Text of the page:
Succulent Plant Business e-Course

Narrow Your Niche; choosing the plants you will sell, or the service you'll offer

Succulent Plant Business Training Manual

Specialty nurseries, those that specialize in only one or two kinds of plants are well ahead of the game when it comes to becoming a brand name.

Sure, it's fine to try and make everyone happy by supplying everything under the sun, but when you try to cover every eventuality, the quality of your product is usually the first thing to suffer.

Then it's your reputation, and then it's your wallet.

Getting the reputation of providing healthy happy plants that exceed the customers expectation is the best way to gain word of mouth advertising. And repeat customers.

So limit the choices – I know, it's a tough call, but when it comes to being the best you can be, it's best not to spread yourself too thin.

The suggestions here might help narrow it down for you.  Do any of these give you that 'Oh, Yeah' reaction?

Here are some niches that have so much potential;

I recommend you specialize in one or two tiny niches and get known for having spectacular and beautiful plants or crafts that you can provide. 

Don't make the mistake of trying to do everything under the sun.  Keep in mind that this might take a little while to create your customer base, but once you are THE source, you can own that market.

Narrowing your niche is something that is very difficult to do - you want to do it all!

When I started out, it was all native plants, in plugs.

Lots and lots of plugs.

Then I started to grow lots and lots of plugs of thyme, because that's what people wanted for a thyme lawn.

Then, green roof Sedum.

Then tender succulents to make beautiful deck planters with.

Then more and more hardy Sempervivum and Jovibarba.

Then hardy cacti. It's a learning curve, but I found when I limited the selection to just the hardy succulents that thrive for me I was a lot happier, and so were my customers.

Whether you're just wanting a little backyard nursery, or you're aiming higher to be a supplier of your specialty plants on a wholesale basis, only you can decide based on the time you want to put into this, the local market conditions, your climate and the space you have available. 

Start small, and test your methods of growing the plants, and while they're getting established, find your customers and sales area.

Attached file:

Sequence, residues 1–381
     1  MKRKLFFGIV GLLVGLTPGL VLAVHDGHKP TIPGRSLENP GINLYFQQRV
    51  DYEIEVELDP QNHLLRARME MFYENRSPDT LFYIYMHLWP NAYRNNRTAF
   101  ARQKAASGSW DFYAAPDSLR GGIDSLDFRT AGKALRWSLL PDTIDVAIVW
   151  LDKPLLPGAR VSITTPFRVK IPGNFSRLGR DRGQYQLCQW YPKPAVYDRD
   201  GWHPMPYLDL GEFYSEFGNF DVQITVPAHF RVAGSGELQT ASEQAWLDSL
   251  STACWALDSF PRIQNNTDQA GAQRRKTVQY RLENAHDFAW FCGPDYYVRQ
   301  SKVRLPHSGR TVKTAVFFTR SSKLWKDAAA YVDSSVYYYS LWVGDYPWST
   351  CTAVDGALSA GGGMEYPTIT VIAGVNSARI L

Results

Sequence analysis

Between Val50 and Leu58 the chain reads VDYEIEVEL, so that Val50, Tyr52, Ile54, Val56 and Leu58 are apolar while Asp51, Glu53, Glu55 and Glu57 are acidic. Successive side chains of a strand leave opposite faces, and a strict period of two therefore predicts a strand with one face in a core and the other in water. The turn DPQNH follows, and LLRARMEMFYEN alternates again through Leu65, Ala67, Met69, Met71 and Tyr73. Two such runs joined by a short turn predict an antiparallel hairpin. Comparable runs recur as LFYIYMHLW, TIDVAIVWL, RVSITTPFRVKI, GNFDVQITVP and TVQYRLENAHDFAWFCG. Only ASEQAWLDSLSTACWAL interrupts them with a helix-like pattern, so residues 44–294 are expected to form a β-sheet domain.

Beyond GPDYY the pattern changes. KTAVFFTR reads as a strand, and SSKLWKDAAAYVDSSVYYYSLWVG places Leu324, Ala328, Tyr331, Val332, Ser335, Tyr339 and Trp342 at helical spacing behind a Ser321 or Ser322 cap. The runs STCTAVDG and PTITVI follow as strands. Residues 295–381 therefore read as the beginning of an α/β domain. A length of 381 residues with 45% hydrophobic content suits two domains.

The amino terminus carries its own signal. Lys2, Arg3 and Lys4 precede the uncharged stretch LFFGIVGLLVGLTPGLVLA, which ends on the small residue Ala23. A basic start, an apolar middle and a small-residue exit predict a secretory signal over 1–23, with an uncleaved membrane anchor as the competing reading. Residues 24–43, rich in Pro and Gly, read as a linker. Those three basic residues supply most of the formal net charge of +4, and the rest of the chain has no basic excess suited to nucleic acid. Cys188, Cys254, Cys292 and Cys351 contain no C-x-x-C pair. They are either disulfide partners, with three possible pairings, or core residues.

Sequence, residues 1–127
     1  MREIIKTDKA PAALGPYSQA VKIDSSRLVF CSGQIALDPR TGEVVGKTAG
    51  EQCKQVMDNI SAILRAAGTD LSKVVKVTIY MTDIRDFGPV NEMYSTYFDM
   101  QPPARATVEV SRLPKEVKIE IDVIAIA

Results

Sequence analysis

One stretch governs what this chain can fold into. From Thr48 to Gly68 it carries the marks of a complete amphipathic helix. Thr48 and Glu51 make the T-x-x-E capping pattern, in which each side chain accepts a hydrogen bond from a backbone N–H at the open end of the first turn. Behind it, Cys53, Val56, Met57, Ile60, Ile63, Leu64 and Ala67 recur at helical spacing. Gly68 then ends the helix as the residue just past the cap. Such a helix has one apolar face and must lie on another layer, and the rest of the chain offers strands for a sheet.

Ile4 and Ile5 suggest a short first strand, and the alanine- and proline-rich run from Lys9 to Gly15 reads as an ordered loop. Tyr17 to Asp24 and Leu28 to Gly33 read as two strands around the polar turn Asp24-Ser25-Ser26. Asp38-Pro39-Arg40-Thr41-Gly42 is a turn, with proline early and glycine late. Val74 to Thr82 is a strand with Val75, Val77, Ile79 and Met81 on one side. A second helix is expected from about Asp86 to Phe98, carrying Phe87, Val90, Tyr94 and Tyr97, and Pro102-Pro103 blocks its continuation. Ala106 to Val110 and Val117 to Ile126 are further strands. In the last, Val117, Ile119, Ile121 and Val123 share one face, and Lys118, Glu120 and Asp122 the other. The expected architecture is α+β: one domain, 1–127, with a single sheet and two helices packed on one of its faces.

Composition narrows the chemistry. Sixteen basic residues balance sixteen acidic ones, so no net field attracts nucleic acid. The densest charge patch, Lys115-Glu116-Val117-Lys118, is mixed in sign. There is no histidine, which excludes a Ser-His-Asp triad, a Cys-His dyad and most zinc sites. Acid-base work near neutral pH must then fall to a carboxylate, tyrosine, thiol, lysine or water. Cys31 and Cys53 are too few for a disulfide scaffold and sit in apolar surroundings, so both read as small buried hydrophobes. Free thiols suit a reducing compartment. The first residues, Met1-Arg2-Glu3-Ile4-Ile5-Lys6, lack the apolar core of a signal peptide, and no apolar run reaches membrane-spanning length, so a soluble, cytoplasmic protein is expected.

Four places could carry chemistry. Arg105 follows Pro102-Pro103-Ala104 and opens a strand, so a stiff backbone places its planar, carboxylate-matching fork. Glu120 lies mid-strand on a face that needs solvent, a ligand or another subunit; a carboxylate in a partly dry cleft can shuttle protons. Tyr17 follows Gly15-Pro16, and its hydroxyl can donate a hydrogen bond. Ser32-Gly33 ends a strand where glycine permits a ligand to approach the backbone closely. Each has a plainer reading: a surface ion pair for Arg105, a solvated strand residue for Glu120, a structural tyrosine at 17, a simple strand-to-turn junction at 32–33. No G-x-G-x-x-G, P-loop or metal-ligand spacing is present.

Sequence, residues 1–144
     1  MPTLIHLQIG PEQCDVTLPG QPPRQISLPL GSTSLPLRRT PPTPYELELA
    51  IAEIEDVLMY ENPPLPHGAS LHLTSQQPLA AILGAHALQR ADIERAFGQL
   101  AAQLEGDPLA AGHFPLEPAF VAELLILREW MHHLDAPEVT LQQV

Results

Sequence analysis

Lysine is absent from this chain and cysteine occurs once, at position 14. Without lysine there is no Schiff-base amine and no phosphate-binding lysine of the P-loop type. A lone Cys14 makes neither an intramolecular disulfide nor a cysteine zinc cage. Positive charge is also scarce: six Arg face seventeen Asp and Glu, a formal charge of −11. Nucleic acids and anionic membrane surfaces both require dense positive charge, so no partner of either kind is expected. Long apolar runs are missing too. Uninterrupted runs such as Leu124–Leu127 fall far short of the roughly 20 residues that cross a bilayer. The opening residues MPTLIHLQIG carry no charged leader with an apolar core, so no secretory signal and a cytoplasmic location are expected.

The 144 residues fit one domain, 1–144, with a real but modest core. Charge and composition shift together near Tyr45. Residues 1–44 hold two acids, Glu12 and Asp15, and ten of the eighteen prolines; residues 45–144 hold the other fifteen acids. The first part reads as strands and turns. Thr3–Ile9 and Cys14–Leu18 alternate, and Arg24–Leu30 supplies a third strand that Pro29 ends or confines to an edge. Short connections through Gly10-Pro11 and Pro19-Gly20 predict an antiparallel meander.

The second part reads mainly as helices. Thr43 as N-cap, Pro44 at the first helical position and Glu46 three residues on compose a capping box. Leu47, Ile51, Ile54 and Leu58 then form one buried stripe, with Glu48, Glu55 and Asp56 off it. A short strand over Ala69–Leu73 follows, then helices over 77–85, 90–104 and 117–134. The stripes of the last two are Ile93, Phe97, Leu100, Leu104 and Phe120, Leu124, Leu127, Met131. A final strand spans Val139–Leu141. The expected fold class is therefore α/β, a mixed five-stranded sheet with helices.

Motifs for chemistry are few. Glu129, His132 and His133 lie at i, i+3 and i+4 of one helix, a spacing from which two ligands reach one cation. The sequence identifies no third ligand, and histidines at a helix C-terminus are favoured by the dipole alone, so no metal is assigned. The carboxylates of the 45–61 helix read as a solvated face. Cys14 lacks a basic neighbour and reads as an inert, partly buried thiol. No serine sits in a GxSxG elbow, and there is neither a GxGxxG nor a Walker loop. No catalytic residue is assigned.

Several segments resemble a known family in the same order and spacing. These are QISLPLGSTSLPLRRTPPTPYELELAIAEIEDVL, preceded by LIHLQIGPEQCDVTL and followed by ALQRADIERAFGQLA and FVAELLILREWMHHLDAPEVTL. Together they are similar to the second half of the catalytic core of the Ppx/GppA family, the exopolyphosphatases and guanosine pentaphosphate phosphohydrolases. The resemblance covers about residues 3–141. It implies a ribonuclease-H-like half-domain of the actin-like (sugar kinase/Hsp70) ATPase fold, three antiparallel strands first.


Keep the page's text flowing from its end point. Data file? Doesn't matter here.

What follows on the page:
Narrow your niche, and specialize in one product...

Source plants that are easy to grow quickly and don't take up lots of room. 

For me, the demand was for small succulents that could be used as wedding favors, and given as a little gift to the wedding guests to take home as a memento.

The most economical way to get your collection started is by seed - there are thousands of seeds in a package that may cost a few dollars. 

The downside of this is that it will take a few years to get them to salable size, or big enough to use in your crafts.

Similarly with the crafts, I found that having everything possible, just for the sake of having said, I've made that, got to be too much.

The crafts are good to make and take lots of pictures of the process to have on hand for tutorials and webpages, but make them and sell them – don't get too fond of all of them – you will quickly run out of room.

If you're getting into offering a design and install service for xeriscape gardens, be sure that you are physically capable of doing the work, or be able to delegate that. 

It's important to know your limits - none of us is getting any younger.

So to summarize; specialize in something you love to do, that no-one else is doing, and focus on making it the best you can.

Totally baffled already? 

I can help with that. 

I'll answer those questions that could be puzzling you;

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